Netcraft Study: Phishing Sites with Valid SSL certificates

Wednesday, October 21, 2015

Phishing is an attempt by fraudulent attackers to acquire sensitive information from individuals. This information includes and not limited to, users names, passwords and credit card information.

Netcraft, a web server, and web hosting market-share analysis company on 12 Oct 2015 revealed the Certificate Authorities (CAs) responsible for issuing valid SSL certificates to phishing sites. This comes after stricter industry requirements to validate high risks domain requests after a series of data breach incidents on high net worth companies.

Exploiting the Habits of Users

Internet users have been trained to look out for virtual cues such as the green secure padlock and https protocol when it comes to trusting a website for transactions and passing of confidential data; making judgment based on what they see and what they know. To fraudulent attackers, such habitual behaviour is the perfect characteristic needed for users to fall into their trap of a phishing site.

Unaware to users, such visual indications must not be trusted blindly because there is more to it than meets the eye. In fact, cyber attackers typically make use of free SSL certificates provided by trusted CAs to deceive users into thinking a copied site is safe and legitimate.

paypal phishing
A screenshot of PayPal phishing site using CloudFlare Universal SSL by Comodo

Sites such as PayPal are often targeted by attackers for its business nature dealing with payments. The intention here is to trick users into thinking the site is safe and for users to key in their credentials. Uninformed and careless individuals may proceed to do without realizing the alterations in domain used on the site and the use of low assurance domain validated certificates to display the https protocol.

It’s Everywhere, BEWARE.

Such phishing sites lurk everywhere in the web and is done so to prey on unsuspecting victims. Often you find these links channeling from email and increasingly social media sources, even on search engine rank pages right above or below legitimate site links (yes.. we’ve seen it before).

Netcraft presented some useful statistics that can help you take note of the types of SSL certificates used for phishing with deceptive domains.

ssl phishing statistics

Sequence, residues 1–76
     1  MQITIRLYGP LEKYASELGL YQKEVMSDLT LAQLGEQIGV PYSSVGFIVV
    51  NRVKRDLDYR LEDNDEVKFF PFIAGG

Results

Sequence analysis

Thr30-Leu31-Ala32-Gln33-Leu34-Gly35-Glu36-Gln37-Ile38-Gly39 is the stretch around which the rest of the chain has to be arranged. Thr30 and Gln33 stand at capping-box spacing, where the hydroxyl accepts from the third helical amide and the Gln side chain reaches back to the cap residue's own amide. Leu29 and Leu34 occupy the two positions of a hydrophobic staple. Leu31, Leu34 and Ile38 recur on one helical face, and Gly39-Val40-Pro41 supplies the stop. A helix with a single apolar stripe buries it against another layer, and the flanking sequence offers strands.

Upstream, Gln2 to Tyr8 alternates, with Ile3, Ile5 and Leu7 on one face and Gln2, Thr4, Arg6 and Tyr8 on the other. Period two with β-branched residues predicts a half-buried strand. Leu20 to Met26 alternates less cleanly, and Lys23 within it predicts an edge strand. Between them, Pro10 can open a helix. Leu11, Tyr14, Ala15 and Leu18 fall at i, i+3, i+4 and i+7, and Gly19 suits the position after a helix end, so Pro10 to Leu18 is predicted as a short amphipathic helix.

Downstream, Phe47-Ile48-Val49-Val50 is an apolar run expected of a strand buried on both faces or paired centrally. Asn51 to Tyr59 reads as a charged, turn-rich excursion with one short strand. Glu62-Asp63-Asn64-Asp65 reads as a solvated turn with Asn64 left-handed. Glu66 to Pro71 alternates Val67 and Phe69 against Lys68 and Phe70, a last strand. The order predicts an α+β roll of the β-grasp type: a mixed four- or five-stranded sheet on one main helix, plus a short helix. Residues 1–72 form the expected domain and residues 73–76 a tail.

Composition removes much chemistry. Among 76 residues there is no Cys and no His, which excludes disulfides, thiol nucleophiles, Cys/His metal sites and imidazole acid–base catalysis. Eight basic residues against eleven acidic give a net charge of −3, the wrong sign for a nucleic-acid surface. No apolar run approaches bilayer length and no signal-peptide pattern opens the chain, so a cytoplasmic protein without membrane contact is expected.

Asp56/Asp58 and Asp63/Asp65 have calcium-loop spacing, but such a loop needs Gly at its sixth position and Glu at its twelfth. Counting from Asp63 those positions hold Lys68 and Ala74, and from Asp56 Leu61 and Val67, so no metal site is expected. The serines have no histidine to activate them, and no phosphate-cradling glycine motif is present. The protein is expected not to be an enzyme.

Source: Netcraft News

CloudFlare, a content delivery network is a popular choice amongst cyber attackers for phishing because of CloudFlare’s free to use SSL service, allowing thieves to bypass the high risks domain checks required by CAs. Second to that, is the use of free trial SSL by CAs that gives cyber attackers a good time frame to ‘grab-and-go’ without a trace.

What You Should Do

Train yourselves to look at specific details rather than trust the brand and secure protocol on the surface.

(1) When visiting a site, you should click on the green secure padlock on the address bar


(2) A drop-down menu will pop up beneath the green padlock

digital certificate drop down

(3) Click on ‘Connection’ next to the ‘Permissions’ tab. Here you will be able to see if a domain-validated certificate is in use from the description.

cloudflare ssl

(4) Click on ‘Certificate Information’ as underlined to see who the certificate is issued to. For sites that use CloudFlare free SSL, the certificate will be issued to a server under CloudFlare eg. In such instance, you should start thinking if this could potentially be a phishing site.

cloudflare ssl

If you are still unsure whether a site can be trusted, be sure to double check with the site owner via phone call and email, stating your reasons. If you sense something is amiss, immediately exit your web browser and report this problem to the site owner, informing the issue you encountered.

Only together as Internet users can we better secure the Web by looking out for one another and playing a part to eradicate problematic phishing sites. 

ashleeAbout Ashlee Ang

Ashlee is a content writer at Cyber Secure Asia where she writes about introductory topics on cyber security and cyber-related happenings in Singapore & South East Asia.

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